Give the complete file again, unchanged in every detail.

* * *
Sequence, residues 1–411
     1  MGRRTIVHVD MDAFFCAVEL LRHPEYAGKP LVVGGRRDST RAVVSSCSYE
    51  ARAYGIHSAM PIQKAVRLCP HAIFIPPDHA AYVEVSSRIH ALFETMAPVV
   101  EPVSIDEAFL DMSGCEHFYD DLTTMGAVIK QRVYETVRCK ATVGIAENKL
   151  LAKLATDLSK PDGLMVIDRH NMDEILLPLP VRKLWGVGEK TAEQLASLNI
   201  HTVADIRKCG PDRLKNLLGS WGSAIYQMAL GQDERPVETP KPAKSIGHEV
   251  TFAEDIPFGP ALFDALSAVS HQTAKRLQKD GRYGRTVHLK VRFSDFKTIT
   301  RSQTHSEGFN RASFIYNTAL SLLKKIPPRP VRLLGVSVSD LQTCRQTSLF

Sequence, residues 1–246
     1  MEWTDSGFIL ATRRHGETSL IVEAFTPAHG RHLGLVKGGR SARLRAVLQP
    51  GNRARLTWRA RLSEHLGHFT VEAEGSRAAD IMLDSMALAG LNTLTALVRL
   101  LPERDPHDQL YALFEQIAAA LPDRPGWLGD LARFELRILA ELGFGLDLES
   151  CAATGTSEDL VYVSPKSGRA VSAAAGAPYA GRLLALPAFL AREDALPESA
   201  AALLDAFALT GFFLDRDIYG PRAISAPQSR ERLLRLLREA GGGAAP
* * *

Sequence, residues 1–411
     1  MGRRTIVHVD MDAFFCAVEL LRHPEYAGKP LVVGGRRDST RAVVSSCSYE
    51  ARAYGIHSAM PIQKAVRLCP HAIFIPPDHA AYVEVSSRIH ALFETMAPVV
   101  EPVSIDEAFL DMSGCEHFYD DLTTMGAVIK QRVYETVRCK ATVGIAENKL
   151  LAKLATDLSK PDGLMVIDRH NMDEILLPLP VRKLWGVGEK TAEQLASLNI
   201  HTVADIRKCG PDRLKNLLGS WGSAIYQMAL GQDERPVETP KPAKSIGHEV
   251  TFAEDIPFGP ALFDALSAVS HQTAKRLQKD GRYGRTVHLK VRFSDFKTIT
   301  RSQTHSEGFN RASFIYNTAL SLLKKIPPRP VRLLGVSVSD LQTCRQTSLF

Sequence, residues 1–246
     1  MEWTDSGFIL ATRRHGETSL IVEAFTPAHG RHLGLVKGGR SARLRAVLQP
    51  GNRARLTWRA RLSEHLGHFT VEAEGSRAAD IMLDSMALAG LNTLTALVRL
   101  LPERDPHDQL YALFEQIAAA LPDRPGWLGD LARFELRILA ELGFGLDLES
   151  CAATGTSEDL VYVSPKSGRA VSAAAGAPYA GRLLALPAFL AREDALPESA
   201  AALLDAFALT GFFLDRDIYG PRAISAPQSR ERLLRLLREA GGGAAP